At the Team Quest gym in Tualatin, Scott McQuary is preparing Chael Sonnen for a UFC middleweight title fight and what will be the biggest sporting event of the year anywhere in the world outside of the Olympic Games. The fight will be broadcast into half a billion homes, in 150 countries and 22 languages. Often misunderstood, mixed martial arts (MMA) is highly technical and would be better compared to a physical form of chess rather than another contact sport.
It is a rare known fact that 70 percent of current UFC (the largest mixed martial arts promoter in the world today) fighters are college graduates. Strategy and intelligence are a huge part of what allows a competitor to become elite in the sport. Hélio Gracie’s work was a crucial part of MMA and the genesis of what ultimately became the UFC. Developed by Hélio Gracie in the late 1920s, Brazilian jiu-jitsu (the gentle art) was created because Hélio was a small, frail and sickly child. He was the youngest five, having four much larger brothers. Many times too sick to attend school, young Hélio desperately wanted to compete with his bigger, stronger siblings. Derived from judo (the gentle way), Hélio’s techniques focused more on leverage than brute strength so that a smaller person could use physics to effectively grapple with and “submit” a much larger person. Scott McQuary was born with a congenital heart defect, and in 1969, became one of the first people in the United States to undergo an experimental cardiovascular surgery to correct a stenosis that was stunting his growth and limiting the blood flow to his body. He was eight years old. The surgery was successful, and today, Scott stands 6ft tall and weighs 185 lbs. As a child Scott was told never to elevate his heart rate. Or from a young boy’s perspective—don’t play sports or get into conflicts with other boys. It turned out that the bullies in school were perpetually aware of the mandate imposed on Scott because of his health and they picked on him incessantly.
After his surgery he was cleared to play sports, which in Scott’s mind meant a clearance to “fight back.” This launched a lifelong passion and love for martial arts. Although holding a black belt in judo and a brown belt in Brazilian jiu-jitsu, Scott exhibits the demeanor of a college professor. Soft spoken and calm, his current profession is only betrayed by his solid and sinewy frame. As the owner and head coach of Team Quest Tualatin, Scott controls his gym with the grace and certainty of a classical music conductor. He works seemingly without effort, orchestrating his coaching of the number one middleweight contender in the world, while the rest of his students concurrently follow his directions in what appears to be complete unison and harmony.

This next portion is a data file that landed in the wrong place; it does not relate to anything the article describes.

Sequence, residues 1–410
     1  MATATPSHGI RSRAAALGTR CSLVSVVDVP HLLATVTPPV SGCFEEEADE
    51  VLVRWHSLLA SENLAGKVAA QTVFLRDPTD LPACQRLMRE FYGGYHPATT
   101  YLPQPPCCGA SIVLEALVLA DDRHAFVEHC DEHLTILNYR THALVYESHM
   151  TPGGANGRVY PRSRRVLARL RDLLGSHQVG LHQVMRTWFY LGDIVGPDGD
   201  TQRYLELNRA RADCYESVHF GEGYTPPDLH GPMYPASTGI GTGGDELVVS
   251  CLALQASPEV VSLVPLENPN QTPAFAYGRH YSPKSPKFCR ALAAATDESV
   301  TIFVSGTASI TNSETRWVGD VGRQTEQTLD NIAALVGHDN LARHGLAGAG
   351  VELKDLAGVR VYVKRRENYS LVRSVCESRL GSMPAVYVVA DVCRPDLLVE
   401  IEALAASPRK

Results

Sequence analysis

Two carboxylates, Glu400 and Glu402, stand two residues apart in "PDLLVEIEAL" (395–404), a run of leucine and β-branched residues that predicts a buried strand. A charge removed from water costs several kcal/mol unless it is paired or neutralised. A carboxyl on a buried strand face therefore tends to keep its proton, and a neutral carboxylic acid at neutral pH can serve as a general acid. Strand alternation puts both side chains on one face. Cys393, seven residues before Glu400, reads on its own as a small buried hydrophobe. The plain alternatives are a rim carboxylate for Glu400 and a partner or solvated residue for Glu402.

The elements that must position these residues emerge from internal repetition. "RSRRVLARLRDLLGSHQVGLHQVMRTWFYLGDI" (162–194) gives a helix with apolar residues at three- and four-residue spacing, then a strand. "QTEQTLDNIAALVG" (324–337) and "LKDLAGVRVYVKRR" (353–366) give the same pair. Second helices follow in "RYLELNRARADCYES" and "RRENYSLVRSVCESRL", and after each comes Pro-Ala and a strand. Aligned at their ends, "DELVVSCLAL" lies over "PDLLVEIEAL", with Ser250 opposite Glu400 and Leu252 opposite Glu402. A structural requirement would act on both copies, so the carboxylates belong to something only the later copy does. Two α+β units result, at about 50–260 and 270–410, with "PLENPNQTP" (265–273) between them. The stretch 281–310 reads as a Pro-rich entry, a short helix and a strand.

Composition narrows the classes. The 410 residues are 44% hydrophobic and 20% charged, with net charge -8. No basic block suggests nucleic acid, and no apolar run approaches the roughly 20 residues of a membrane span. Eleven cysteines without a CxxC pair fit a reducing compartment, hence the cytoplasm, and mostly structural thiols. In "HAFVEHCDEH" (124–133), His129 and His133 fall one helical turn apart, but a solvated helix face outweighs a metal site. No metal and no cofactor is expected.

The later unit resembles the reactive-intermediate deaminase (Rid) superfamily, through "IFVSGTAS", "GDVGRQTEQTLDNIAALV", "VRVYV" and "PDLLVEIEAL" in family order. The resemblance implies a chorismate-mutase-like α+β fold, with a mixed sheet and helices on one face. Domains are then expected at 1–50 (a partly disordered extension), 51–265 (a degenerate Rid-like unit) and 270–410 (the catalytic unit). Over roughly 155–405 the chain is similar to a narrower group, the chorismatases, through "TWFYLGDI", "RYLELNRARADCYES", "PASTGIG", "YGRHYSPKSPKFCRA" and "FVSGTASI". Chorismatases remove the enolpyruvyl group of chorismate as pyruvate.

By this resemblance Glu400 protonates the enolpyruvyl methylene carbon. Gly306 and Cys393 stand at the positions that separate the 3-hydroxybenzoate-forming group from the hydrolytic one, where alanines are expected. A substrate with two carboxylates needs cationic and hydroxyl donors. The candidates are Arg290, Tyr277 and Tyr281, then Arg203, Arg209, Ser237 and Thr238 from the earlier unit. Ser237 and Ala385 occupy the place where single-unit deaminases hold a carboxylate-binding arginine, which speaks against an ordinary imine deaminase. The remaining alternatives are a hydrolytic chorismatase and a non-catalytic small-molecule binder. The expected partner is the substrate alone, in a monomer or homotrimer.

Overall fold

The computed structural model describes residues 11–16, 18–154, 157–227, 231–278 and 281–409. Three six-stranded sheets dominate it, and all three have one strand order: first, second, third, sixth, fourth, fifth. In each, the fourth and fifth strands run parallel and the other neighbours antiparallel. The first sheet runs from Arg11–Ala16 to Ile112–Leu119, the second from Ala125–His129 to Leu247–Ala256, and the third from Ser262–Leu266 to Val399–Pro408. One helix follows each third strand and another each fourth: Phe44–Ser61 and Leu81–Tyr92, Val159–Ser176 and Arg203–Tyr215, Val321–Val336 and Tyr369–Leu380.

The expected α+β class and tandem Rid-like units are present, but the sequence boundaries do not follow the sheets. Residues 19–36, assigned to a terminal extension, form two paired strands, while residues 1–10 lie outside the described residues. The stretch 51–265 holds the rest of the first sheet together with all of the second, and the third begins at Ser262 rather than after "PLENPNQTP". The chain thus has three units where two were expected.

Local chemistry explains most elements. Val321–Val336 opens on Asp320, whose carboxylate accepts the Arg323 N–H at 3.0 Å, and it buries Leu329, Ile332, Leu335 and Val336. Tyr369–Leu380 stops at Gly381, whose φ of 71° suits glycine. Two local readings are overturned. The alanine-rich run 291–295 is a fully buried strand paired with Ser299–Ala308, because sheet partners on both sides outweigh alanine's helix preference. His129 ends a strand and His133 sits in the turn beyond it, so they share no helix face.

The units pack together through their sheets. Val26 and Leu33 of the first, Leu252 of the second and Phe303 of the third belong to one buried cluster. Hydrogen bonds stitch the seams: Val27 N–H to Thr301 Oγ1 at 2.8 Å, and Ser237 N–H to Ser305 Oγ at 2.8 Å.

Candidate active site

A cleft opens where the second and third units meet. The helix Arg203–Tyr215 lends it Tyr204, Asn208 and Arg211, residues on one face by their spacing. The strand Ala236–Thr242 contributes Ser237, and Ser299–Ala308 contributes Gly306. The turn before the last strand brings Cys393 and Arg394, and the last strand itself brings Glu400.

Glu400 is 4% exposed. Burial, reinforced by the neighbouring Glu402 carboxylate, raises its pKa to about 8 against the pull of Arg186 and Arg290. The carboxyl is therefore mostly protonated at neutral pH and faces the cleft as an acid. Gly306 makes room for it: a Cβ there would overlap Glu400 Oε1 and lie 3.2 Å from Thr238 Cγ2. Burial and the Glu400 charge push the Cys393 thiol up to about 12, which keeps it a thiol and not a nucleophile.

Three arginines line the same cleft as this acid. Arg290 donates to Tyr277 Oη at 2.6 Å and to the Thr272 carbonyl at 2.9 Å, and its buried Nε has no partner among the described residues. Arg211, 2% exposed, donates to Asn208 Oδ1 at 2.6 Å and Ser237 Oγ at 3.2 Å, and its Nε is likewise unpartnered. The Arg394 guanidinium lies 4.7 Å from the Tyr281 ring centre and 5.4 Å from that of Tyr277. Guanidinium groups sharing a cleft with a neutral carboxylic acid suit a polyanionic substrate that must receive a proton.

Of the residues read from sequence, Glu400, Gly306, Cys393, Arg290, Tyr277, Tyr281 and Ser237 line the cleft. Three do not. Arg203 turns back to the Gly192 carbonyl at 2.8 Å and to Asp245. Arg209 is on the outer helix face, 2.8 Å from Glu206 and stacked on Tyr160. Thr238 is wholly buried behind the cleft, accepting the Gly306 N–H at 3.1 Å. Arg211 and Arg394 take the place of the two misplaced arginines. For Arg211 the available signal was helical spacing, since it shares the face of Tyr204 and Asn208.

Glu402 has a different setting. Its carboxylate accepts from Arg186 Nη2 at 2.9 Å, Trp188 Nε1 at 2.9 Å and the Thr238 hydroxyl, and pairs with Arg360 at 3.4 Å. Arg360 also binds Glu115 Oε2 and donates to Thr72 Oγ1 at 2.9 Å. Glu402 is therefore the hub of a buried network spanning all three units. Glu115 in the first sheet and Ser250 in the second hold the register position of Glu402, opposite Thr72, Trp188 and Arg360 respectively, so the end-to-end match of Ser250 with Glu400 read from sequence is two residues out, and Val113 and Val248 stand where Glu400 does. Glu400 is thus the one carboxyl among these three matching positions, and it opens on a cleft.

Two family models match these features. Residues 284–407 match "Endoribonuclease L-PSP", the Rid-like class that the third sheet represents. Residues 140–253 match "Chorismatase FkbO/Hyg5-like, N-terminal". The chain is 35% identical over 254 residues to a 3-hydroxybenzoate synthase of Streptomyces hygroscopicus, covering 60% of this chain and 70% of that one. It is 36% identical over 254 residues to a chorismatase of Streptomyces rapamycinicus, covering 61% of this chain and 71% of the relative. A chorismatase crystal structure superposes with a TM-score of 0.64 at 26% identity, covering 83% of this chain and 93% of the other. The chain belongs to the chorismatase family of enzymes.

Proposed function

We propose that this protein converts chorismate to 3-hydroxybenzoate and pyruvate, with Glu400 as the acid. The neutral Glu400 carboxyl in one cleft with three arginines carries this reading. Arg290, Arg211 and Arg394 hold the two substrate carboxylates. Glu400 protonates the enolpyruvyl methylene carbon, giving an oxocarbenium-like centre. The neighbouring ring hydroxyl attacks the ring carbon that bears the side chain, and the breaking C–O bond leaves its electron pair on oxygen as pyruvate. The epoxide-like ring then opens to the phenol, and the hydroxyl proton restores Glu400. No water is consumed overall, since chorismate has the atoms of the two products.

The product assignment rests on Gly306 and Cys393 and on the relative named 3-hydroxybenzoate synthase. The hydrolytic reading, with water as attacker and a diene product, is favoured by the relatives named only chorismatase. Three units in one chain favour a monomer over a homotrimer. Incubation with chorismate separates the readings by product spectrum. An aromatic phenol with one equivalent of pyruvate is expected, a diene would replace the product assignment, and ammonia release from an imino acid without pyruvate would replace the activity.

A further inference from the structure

Scott began his career in the Air Force Special Operations Command, where he was forced to train as a medic due to the defect in his heart. Eventually the Air Force trained him as an X-ray technician, which led him to a 23-year career as a radiographic film interpreter with the aerospace company, Precision Castparts. His job was to review X-rays of parts coming off the line for the close-to-zero defect quality standard necessary for the aircraft industry. In other words, Scott practiced high-tech mechanical flaw finding. His job was to find imperfections and identify them. He was tapped by Precision Castparts to run effectiveness trainings, which he did throughout his career, to improve the productivity of his coworkers. He just had a knack for helping others develop and do their best. Whether it is someone who wants to improve their life, a young child looking to be more confident or the top middleweight contender in the world, Scott has a way of making people a far better version of themselves. He effects people. Five years ago Scott decided to pursue his passion full time and was granted the right to open a franchise of Team Quest, now one of the most famous mixed martial arts gyms in the world. With no sense of irony, Scott says his job at Team Quest is now to watch people and “find the good and draw that out of them.” In other words, it seems he is now using his skills to be a professional strength, or “good finder,” rather than a flaw finder. He says with a fatherly certainty, “The essence of learning judo is learning to be thrown, and then getting back up and doing it again, which is similar to life.”Scott states that 85 percent of the people that walk in to his gym will never compete as fighters and are just trying to improve their lives. When asked what he is trying to accomplish or why he left a long-running career to open a gym dedicated to combat sports, he replies, “I want to bring better, more effective people into the world.”
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